If the concentration of incomes at the top coincides with concentration of power, higher tax rates are meant to shelter society from the dangers of plutocracy more than to finance investment plans or the welfare state.
This op-ed raised many reactions both from the left and from the right. Greg Mankiw criticised the political argument by commenting that most of the people that are earning high incomes earned their wealth honestly and have less political influence than commonly thought.
Chris Dillow, from a Marxist perspective, argues that the excessive political influence of the rich cannot be solved by a socialist-democrat state intervention, which would be insufficient to mitigate the failures of capitalism.
The debate was pushed, two days later, by the proposal of a tax reform by the Democratic presidential candidate Elizabeth Warren. This plan would introduce a wealth tax on the ultra-rich, a novel element in the history of US tax system.
The proposal is based on an analysis by Saez and Zucman: a 2% tax on the wealth that exceeds 50 millions, and an additional surplus tax of 1% on households with a net worth of more than $1 billion. These taxes would raise, according to their calculations, $2.75 trillion for a 10-year timespan (1.0% of GDP per year), affecting 75,000 households – a group smaller than the 0.1%. According to Saez and Zucman, the ultra-rich tax would be able to raise $212 billion for 2019.
They present an estimate by Piketty, Saez and Zucman (2018) that the tax burden on the wealth of the richest 0.1% households (including local, state and federal taxes) would be 3.2% for 2019, lower than the burden on the 99%, estimated at 7.2%. They claim that the ultra-rich tax would raise the burden on the 0.1% to 4.3%.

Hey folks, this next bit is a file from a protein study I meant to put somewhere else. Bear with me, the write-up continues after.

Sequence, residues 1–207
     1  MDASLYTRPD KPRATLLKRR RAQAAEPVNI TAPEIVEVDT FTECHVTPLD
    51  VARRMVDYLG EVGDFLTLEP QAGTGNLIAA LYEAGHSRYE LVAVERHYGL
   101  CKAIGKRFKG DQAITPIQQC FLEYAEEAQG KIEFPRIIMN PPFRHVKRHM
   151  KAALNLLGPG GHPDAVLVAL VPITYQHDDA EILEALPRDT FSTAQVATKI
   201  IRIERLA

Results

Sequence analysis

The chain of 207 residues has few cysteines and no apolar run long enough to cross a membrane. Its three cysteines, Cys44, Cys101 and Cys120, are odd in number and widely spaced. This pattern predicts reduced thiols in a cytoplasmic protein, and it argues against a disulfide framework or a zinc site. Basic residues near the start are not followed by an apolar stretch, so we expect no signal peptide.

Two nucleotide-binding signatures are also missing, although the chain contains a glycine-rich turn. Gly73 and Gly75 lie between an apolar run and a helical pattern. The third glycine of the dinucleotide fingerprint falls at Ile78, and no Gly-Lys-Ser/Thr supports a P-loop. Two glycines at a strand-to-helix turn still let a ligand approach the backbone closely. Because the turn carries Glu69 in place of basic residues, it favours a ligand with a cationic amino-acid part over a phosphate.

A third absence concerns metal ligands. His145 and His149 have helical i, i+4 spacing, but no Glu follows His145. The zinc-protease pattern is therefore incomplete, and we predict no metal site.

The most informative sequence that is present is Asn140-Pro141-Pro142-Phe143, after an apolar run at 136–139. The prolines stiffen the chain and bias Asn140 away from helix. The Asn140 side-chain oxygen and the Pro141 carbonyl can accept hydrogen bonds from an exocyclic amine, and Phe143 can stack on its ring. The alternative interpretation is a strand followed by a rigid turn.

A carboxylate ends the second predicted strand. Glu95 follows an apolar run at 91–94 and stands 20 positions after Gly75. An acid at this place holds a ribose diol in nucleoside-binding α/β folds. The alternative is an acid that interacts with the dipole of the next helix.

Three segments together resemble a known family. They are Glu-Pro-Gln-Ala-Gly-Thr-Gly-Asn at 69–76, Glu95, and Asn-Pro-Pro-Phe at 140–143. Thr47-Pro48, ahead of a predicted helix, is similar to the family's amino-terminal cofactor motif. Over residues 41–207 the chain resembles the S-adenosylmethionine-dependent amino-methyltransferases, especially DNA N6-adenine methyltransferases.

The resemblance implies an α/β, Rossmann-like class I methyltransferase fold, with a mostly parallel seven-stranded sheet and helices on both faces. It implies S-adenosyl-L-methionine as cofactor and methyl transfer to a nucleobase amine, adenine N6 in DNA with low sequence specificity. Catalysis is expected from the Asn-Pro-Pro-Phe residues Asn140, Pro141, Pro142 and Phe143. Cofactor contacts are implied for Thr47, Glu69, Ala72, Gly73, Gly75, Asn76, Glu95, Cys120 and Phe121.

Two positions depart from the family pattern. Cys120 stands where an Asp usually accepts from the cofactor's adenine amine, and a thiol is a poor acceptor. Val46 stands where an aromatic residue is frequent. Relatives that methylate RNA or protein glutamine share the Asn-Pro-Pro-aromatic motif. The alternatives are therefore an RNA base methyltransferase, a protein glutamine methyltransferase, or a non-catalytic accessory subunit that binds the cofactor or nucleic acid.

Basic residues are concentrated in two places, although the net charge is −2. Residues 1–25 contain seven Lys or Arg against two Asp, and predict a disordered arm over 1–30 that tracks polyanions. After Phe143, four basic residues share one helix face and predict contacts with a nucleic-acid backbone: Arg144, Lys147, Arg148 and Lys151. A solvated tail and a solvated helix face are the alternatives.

The revenue generated, Senator Warren explains in an interview, could be funneled into childcare and healthcare proposals, and to reduce student debt.
Yet the main objective, in the Senator’s words, is to help to level the power dynamics in Washington, reducing the amount of political influence that the economic elite can achieve: “It’s about making democracy work better, and it’s about making the economy work better… When you ask me about the centerpiece [of this proposal] it actually starts with an anti-corruption bill that tries to reduce the influence of money in Washington.”
Warren’s proposal was defended by noted tax experts and by Paul Krugman in the New York Times, arguing that, although radical, it would raise the average tax rates on the richest 0.1% to 48%, up from 36%.He added that it would be feasible – looking at Denmark and Sweden, where higher taxes did not lead to higher fiscal evasion – if adequately enforced.
On Bloomberg, while Noah Smith favoured a wealth tax meant to reduce income inequality as a better plan than many of the alternatives, Harvard’s law professor Noah Feldman expressed concerns as to the constitutionality of such a tax, shared by another candidate for the 2020 elections, Michael Bloomberg. As in the case of the Ocasio-Cortez proposal, many commentators put forward the argument that these type of taxes would hamper innovation and entrepreneurship.
This chart from Piketty’s ‘Capital in the 21st Century’ depicts a decreasing trend in top marginal tax rates from a historical perspective, in a comparison between France, Germany, the UK and the US. The share of national income for the top 1% has been on the rise in many European countries.
The late Anthony Atkinson proposed a 65% top tax rate for the UK in ‘Inequality. What can be done?’ (2015), and also Piketty called for a rethinking of top marginal income rates in Europe.
Of course, as mentioned by Grace Blakeley, the situation on the European side is much more complex and would require capital controls to be effective.
However, if Europe is to accept the preoccupations for democracy expressed by Saez and Zucman, it should have a debate on high-income taxation.